The Discovery Sport is a great choice if true off-road confidence and serious style are top priorities.
Back in 2015, we were introduced to the Land Rover Discovery Sport as the replacement for the outgoing LR2. This new compact crossover offers unique styling that very much sets it apart from the competition. The Discovery Sport was a welcomed revision as a gateway model for those looking to become part of the British family. With a much more modern appeal including LEDs and a contrasting paint scheme, the Disco certainly makes an impression. Now going into its third year of production, the 2017 Land Rover Discovery Sport Dynamic tested here is moving forward with subtle updates.
Smaller vehicles call for smaller and more efficient engines, and that certainly does apply to the powerplant of the Disco. The 2.0L turbocharged and intercooled inline four-cylinder, called “Ingenium”, is direct injected too. It produces 240 horsepower at 5800RPM, with 250 lb-ft of torque at 1750RPM. I have no complaints with how well this engine moves the Disco, with its 0 to 100km/h of 8.2 seconds. The ZF-sourced nine-speed automatic transmission does an adequate job of managing power too, with the hopes of optimizing fuel efficiency. Land Rover rates the Discovery Sport with a combined fuel average of 10.7L/100km. After living with the car for a week, I managed to average 11.2L/100km; not far off from the manufacturer rating. The 70L tank does require premium fuel when visiting the pumps.
As one would expect from any Land Rover, the all-wheel-drive system helps keep the SUV steady on almost any surface. As we are in the midst of the winter season, a convenient blizzard fell upon the city of Toronto. Per usual, traffic slowed and intersections were gridlocked. Knowing I was about embark on what would be a long drive, I felt confident as I was about to get behind the wheel of and a vehicle built by folks who have a history of building truly the best all-terrain vehicles in the world.
My confidence was spot on, as the Discovery Sport held its own on the snow-covered roads. Whist other cars struggled to gain traction, the Discovery moved forward with ease thanks to the AWD system managing power at each individual wheel. There are four standard Terrain Response settings; General Driving, Grass/Gravel/Snow, Mud/Ruts, and Sand. This selective Terrain Response technology comes standard across all trims levels, and all-wheel-drive is standard on all Discovery Sport models sold in Canada.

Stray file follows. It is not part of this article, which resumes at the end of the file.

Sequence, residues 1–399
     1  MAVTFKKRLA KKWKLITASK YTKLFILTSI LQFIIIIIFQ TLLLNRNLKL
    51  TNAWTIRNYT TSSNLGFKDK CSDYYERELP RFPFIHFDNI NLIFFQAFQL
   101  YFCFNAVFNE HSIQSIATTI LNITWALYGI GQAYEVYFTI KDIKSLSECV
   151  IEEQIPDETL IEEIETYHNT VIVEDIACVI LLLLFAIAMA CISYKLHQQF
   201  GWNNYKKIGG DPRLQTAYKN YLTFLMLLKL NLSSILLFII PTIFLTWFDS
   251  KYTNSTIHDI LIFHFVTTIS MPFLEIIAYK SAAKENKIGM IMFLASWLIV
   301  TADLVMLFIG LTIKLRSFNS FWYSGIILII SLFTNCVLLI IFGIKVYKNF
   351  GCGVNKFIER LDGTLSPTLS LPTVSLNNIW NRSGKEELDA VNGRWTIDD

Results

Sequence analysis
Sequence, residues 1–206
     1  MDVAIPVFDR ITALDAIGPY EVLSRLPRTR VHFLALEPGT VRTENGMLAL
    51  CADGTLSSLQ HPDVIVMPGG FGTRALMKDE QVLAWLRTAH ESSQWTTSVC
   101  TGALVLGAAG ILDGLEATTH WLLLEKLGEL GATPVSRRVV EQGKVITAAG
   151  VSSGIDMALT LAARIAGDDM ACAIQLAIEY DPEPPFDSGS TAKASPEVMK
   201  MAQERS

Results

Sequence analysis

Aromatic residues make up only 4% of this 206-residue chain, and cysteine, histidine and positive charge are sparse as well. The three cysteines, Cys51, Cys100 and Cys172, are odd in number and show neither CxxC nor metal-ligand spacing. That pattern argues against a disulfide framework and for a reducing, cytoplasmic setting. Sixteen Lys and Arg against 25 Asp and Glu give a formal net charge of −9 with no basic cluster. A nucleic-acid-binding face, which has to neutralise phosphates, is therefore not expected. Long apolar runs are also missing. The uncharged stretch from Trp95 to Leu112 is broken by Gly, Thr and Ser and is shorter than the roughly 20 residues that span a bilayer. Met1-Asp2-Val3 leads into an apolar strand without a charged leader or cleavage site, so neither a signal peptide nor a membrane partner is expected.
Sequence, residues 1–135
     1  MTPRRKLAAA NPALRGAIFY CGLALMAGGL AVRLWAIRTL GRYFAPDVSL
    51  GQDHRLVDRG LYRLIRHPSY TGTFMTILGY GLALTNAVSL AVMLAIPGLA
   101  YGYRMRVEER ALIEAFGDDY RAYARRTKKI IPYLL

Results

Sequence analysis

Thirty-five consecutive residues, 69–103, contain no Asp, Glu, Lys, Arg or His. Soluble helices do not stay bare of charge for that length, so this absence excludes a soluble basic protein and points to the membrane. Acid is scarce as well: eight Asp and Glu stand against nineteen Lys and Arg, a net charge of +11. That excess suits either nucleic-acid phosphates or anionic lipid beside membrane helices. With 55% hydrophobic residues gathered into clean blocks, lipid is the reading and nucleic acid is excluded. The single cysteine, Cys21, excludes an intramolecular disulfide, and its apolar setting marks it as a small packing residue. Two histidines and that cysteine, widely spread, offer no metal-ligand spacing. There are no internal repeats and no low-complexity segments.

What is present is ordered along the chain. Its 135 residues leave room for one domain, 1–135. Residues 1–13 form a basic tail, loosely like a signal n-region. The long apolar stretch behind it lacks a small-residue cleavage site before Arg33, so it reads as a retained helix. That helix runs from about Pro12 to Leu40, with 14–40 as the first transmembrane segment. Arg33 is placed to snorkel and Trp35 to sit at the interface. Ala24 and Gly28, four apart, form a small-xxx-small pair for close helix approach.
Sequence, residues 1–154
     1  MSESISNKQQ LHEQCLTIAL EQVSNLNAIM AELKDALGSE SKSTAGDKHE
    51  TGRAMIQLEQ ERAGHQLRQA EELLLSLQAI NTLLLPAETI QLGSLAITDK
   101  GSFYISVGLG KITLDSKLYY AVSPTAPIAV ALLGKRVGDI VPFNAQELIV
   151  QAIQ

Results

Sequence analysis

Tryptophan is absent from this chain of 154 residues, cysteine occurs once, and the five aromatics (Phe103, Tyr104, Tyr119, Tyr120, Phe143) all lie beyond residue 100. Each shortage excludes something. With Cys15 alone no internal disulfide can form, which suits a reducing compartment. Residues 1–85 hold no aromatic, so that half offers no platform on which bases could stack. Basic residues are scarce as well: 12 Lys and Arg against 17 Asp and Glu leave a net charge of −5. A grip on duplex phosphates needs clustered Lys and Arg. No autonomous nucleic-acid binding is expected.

Where this crossover excels in multiple terrain driveability, it starts to lose its ability when it comes to offering a comfortable drive in an everyday setting. Though the front and rear axles are independent, the suspension proves to be rather stiff. This comes expected from a crossover with off-roading heritage, however with this being a premium SUV that will realistically see little more than a gravel road, it becomes a bit of a disappointment.
Due to the stiffer suspension, the Disco Sport stays true to the “Sport” marque; the body remains relatively flat when manoeuvring on-ramps and off-ramps at speed. Bottom line is, softer suspension would benefit the Disco as a daily driver, as opposed to an off-road explorer.
In true Land Rover fashion, the HSE Luxury does look fantastic. Acting as a cherry on top of the already-delicious milkshake, Land Rover has added an optional appearance array dubbed the Dynamic Styling Package ($3,800). This includes various interior and exterior styling appointments that take the Discovery Sport to another level of allure. The front and rear bumpers receive some tweaks that enhance the distinctive looks. Black accents replace the otherwise standard materials, along with integrated exhaust covers built into the rear bumper.